When shipping goods, blockchain tech can reduce risks and develop cost and time efficiencies for customers, especially when moving something of high-risk such as pharma products. When there is a need for a trusted custodial chain, it offers customers greater visibility to their shipments throughout their journey.
Hand touching illuminated spot on data web

The growing e-commerce market with its high efficiency, low costs and enhanced precision is the key driver for the logistics and warehousing market. The increasing need for automation across the growing end-user industries is again enhancing market growth. Customers now seek a more personalized and convenient delivery service.

In logistics, technologies like AI are opening up new possibilities for process efficiency and customer convenience. At the current rate of AI development, we in the industry will soon see customers placing shipment orders with a simple verbal instruction via digital personal assistants.

We’re responding to changing customer lifestyles and needs, too. Solutions such as FedEx Delivery Manager® empower the end customer to manage their packages from their mobiles, scheduling deliveries and choosing from several delivery options at their convenience.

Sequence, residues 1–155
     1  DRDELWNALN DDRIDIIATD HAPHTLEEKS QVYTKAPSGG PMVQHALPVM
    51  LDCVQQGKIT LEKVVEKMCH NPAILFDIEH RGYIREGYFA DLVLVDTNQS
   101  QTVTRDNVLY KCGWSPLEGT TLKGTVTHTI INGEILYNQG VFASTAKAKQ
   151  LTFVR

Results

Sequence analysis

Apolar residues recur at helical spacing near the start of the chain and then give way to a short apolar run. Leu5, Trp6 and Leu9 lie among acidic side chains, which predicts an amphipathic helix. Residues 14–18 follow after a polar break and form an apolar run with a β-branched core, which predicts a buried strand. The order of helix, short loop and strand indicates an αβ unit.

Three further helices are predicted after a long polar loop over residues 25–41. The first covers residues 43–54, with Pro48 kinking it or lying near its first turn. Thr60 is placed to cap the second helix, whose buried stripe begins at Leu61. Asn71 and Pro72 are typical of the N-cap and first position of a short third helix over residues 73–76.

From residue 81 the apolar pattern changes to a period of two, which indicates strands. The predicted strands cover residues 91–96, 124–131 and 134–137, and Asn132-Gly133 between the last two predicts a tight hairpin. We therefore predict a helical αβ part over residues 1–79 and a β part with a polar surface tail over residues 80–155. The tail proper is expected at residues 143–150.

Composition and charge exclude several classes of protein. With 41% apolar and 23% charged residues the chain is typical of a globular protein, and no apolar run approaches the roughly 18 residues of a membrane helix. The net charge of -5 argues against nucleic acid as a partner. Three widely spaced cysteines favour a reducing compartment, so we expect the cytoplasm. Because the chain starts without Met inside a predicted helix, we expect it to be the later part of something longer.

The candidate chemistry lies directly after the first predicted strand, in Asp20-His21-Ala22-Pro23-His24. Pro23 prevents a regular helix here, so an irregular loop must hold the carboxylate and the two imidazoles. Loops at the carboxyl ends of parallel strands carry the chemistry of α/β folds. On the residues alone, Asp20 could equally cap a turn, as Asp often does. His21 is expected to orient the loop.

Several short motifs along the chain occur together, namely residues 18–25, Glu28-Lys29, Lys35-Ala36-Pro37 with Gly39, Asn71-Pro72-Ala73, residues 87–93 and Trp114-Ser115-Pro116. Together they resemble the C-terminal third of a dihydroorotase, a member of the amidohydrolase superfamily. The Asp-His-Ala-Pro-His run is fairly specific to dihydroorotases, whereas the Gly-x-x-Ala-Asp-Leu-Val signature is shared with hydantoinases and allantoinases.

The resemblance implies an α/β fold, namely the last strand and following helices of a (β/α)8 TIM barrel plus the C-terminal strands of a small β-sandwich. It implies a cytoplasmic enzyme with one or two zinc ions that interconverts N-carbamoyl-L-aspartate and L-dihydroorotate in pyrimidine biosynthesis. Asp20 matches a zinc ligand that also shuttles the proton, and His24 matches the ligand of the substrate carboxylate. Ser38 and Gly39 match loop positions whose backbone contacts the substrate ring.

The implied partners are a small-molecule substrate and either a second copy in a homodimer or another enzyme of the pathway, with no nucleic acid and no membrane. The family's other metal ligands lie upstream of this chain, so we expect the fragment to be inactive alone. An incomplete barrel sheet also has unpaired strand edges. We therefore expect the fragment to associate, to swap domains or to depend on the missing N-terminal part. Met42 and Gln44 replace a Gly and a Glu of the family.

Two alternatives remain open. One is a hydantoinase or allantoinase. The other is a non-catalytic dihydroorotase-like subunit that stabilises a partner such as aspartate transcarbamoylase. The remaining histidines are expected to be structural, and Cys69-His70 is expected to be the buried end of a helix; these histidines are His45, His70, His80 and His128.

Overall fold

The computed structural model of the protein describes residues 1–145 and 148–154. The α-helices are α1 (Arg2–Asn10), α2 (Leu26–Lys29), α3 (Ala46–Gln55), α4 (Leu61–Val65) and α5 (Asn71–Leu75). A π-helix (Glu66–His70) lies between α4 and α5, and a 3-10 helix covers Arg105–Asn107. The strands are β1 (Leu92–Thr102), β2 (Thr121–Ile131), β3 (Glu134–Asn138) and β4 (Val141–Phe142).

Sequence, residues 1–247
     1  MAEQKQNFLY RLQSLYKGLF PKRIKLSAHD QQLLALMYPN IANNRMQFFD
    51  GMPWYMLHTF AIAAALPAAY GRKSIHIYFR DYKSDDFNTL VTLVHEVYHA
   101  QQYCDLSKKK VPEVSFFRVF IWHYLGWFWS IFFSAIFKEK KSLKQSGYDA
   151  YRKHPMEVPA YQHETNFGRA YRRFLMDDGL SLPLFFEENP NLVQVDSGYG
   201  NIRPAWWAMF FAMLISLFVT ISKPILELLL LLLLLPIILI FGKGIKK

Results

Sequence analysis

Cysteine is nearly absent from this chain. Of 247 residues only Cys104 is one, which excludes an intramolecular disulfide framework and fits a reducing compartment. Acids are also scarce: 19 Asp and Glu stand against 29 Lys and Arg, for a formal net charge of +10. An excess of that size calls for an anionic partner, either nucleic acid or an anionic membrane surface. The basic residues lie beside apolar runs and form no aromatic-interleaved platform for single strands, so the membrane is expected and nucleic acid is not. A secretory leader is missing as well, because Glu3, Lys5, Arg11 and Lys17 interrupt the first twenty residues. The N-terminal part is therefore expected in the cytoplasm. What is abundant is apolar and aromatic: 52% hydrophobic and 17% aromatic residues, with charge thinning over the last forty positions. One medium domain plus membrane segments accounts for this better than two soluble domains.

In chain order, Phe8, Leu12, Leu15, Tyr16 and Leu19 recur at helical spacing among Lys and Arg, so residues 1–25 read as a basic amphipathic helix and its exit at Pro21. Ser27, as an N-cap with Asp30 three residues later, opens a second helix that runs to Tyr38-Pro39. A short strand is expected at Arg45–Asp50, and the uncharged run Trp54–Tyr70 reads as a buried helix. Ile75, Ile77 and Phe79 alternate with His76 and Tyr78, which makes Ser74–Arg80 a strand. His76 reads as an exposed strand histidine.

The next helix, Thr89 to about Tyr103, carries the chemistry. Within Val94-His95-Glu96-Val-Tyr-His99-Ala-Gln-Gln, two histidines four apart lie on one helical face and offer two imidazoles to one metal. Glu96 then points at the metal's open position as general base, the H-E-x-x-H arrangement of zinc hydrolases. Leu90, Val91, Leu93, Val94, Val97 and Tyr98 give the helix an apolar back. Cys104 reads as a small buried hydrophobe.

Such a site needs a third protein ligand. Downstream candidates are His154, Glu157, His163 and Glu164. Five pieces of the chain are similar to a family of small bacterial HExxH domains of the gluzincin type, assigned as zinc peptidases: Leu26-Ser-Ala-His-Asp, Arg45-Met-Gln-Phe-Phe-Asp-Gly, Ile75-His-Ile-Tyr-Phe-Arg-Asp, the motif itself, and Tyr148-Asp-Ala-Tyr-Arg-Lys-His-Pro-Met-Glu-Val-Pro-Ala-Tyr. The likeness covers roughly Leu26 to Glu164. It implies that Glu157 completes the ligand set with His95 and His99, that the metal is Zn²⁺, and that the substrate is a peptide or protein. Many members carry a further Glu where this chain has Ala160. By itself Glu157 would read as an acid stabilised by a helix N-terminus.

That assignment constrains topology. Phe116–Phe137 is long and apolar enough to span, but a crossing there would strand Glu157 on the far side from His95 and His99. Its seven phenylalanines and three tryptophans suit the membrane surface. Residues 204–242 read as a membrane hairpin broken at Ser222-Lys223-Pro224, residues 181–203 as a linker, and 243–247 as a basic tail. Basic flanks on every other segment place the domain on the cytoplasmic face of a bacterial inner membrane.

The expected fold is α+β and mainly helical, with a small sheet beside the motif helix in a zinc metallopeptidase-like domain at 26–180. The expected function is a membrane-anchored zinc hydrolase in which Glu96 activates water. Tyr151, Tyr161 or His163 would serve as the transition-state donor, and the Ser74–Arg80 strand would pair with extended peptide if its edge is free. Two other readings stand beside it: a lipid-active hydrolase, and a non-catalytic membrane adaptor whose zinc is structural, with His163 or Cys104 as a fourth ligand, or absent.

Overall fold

Another example of smarter supply chains is what we are doing at FedEx Dataworks. We created a platform to fuel innovative solutions that help customers solve some of commerce’s toughest problems while increasing their competitiveness—faster and at scale. Our powerful, centralized data platform allows us to create solutions that enhance our customers’ abilities to respond and grow at the speed of commerce.

By applying powerful insights generated from the rich data produced by the FedEx network, we’re building solutions to make supply chains smarter for everyone, and removing barriers for our customers, their customers, and for the FedEx of tomorrow.

Autonomy is also here to stay. The logistics industry anticipates widespread adoption of autonomous vehicles in the shipping sector in the next decade or so, plus further automation of large long-haul vehicles.

Industry 4.0 will continue to bring greater productivity and rapid innovation at reduced costs. It won’t be easy for every small business to pivot into the fourth industrial revolution. Challenges exist – digital infrastructure, speed and cost of scaling up, for example, as well as finding the right talent to lead the charge.

But we see rapid evolution of a new ecosystem in which partners (vendors or suppliers and end customers) will all come together to create use cases and definitive standards for smarter business operations. Greater collaboration, better efficiency - sounds like good news for us all.

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About the Author
the author bio

Kawal Preet

Asia Pacific, Middle East and Africa, FedEx Express

Kawal started out as a FedEx engineer in Singapore over 26 years ago, and she’s now the President of FedEx Express AMEA. Kawal is based in Hong Kong.